Anyway, we at A Book of Cookrye realized that it's raining ingredients out of the sky.
|Wow, my phone in low light goes past bad to Instagram filter.|
Why do I have a picture of the ground, you may ask? Because that is where I gathered ingredients for...
|Favorite Recipes of America: Desserts, 1968|
That's right, we're trying favorite foods of Canada! If you're in Canada, do let us know if this recipe is at all familiar to you.
We would not have noticed this recipe had ingredients list not called for "clean white snow, dry and crisp." Of course! In Canada, they have bitter cold winters! Who else but those with Canadian winters would decide to cook snow?
Having no idea what a "buche de neige" is, we checked the directions and... it's muffins! Snow muffins! Seriously, it's muffins with snow in them!
|Not as much butter as usually gets used around here, but it looks worse floating on the milk like that.|
This is one of those recipes that make us wonder "How did this happen?" Water muffins have been around for a long time, but who among Canada's pioneer homemakers was so impatient one winter that they couldn't even let the snow they'd scooped up melt before baking? Or perhaps these are so tasty that such waiting became impossible?
Also, does what does "stir slightly" mean? We do hope this is what the pioneering Canadians had in mind.
Here we must admit we had to make a slight substitution. You see, we did not get any snow, so we had to use sleet instead.
|We also had to be very careful not to scoop up dirt and mulch.|
And now, we are pleased to present a shot of one of the most controversial ingredients ever featured on A Book of Cookrye!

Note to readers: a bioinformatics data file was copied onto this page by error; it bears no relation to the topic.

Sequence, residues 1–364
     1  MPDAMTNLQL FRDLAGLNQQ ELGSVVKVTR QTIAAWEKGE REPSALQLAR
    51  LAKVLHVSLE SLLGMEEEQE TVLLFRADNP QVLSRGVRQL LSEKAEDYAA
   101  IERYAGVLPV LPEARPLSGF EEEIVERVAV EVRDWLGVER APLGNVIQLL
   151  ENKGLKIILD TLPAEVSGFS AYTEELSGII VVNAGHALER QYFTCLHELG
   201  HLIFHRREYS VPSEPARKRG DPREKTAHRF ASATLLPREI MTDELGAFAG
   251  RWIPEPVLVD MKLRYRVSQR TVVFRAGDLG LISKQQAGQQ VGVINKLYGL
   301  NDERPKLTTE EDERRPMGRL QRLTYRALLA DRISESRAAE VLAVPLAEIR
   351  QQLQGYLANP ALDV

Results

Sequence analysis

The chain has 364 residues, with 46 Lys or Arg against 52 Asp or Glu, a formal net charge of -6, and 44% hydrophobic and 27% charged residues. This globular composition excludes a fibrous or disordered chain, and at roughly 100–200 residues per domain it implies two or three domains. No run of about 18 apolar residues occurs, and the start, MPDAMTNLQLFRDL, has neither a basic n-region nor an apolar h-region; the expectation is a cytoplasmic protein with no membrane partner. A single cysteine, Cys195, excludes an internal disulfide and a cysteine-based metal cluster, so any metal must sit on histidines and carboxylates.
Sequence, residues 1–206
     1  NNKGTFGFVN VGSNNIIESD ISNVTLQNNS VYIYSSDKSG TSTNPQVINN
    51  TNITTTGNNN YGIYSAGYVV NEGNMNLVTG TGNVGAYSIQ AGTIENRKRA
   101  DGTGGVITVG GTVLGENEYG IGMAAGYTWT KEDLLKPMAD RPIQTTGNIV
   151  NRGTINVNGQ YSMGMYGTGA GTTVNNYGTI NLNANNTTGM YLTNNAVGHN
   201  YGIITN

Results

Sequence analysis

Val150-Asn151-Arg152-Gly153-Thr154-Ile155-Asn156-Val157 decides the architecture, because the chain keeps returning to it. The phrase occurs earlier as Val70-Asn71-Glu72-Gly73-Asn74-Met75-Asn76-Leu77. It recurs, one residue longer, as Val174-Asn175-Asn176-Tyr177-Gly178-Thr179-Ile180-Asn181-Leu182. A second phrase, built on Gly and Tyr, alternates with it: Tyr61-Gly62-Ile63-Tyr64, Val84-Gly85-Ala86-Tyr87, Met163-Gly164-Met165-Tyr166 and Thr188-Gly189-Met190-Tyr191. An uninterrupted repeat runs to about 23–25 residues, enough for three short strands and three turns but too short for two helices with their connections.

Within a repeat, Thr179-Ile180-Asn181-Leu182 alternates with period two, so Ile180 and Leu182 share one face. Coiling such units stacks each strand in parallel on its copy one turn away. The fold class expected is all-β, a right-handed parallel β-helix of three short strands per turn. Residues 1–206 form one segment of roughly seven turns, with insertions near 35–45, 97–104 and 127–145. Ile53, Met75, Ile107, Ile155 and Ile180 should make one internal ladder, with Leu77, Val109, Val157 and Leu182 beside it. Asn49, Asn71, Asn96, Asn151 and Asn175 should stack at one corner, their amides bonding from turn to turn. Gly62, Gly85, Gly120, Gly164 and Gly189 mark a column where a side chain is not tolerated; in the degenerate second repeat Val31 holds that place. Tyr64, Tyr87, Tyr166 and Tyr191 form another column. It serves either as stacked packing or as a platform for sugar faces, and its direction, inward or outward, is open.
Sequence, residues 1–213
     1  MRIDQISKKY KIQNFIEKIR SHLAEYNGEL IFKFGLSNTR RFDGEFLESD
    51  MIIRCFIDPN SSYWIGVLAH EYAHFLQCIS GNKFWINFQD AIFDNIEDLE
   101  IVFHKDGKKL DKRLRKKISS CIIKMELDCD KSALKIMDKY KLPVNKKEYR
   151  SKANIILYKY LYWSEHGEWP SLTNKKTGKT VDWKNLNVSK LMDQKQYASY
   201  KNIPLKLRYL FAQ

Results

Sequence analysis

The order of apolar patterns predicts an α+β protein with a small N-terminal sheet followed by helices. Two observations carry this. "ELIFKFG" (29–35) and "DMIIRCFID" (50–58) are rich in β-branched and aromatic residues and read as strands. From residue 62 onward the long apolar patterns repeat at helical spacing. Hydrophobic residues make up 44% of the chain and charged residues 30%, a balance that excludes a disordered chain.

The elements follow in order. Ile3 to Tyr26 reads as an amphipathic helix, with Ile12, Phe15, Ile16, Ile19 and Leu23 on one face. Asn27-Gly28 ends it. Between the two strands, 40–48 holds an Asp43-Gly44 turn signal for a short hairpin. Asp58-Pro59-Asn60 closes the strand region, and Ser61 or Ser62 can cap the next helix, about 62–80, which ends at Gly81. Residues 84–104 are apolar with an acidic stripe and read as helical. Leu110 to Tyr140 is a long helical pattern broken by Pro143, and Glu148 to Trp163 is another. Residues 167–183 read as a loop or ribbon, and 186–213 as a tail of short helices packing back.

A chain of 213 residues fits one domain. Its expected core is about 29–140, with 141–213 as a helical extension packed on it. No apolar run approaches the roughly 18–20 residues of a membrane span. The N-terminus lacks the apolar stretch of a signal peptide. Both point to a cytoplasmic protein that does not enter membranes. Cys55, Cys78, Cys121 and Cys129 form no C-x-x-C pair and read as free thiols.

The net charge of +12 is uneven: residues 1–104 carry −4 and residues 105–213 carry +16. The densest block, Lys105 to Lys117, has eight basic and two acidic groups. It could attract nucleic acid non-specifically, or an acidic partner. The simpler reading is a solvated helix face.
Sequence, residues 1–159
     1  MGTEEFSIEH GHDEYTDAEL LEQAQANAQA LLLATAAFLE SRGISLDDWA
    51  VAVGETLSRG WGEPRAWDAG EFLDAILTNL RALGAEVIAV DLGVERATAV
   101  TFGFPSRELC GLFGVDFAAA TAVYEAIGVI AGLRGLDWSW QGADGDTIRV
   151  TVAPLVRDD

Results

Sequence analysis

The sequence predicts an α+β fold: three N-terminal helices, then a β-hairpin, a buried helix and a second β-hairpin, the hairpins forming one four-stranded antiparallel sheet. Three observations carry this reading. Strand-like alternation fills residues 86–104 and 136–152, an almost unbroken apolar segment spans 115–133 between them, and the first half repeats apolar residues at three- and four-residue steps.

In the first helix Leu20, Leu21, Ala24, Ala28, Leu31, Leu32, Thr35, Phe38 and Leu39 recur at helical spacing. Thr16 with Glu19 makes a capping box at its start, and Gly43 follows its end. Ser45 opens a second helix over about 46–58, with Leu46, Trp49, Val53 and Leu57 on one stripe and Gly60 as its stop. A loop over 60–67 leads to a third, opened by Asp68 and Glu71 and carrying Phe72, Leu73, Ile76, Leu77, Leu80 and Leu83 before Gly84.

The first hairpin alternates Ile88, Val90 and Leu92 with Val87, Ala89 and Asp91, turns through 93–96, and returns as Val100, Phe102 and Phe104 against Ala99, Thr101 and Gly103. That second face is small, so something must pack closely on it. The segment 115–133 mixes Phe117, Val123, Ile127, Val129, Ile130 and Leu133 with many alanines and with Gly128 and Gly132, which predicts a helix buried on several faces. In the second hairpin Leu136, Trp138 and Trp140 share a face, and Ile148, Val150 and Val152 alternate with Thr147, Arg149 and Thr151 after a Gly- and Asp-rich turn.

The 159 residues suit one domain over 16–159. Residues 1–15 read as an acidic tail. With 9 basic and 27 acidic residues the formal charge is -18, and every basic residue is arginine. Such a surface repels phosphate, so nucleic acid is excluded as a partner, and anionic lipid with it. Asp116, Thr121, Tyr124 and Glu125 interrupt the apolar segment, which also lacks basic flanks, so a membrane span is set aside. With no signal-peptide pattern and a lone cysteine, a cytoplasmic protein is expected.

You know what? Let's bring the camera closer. This ingredient has caused more impassioned dispute among those who've eaten our creations than anything else we have ever used.
That's right, we're using raisins. Those evil, eeeeevil things that make people spit things out in disgust. Those terrible things whose resemblance to chocolate chips has traumatized so many people. You'd have thought I'd have heard a fair amount of "eeeeew, you got that from outside?" as I mixed these up, but all the grievances I received was on account of the presence of raisins.
|The sleet kind of looks like tapioca.|
These muffins got really high in the center. I thought they were going to rise right into the rack above them (owing to multiple people using the oven at once, the racks were very close together).
Those who don't suffer raisin flashbacks liked these a lot. The mace was unusual but went really well in them. Plus, this is a really fun recipe to make-- I can totally see bringing it out every winter when the snow gets really severe. So, hooray sleet muffins! I want to make them every time we get snow!
However, these are more of a breakfast than a dessert. However, I'm glad they made their way into a dessert book anyway.
And so, in conclusion, please enjoy this picture of me being totally prepared for this weather.
Stay warm and watch out for inept drivers, everybody!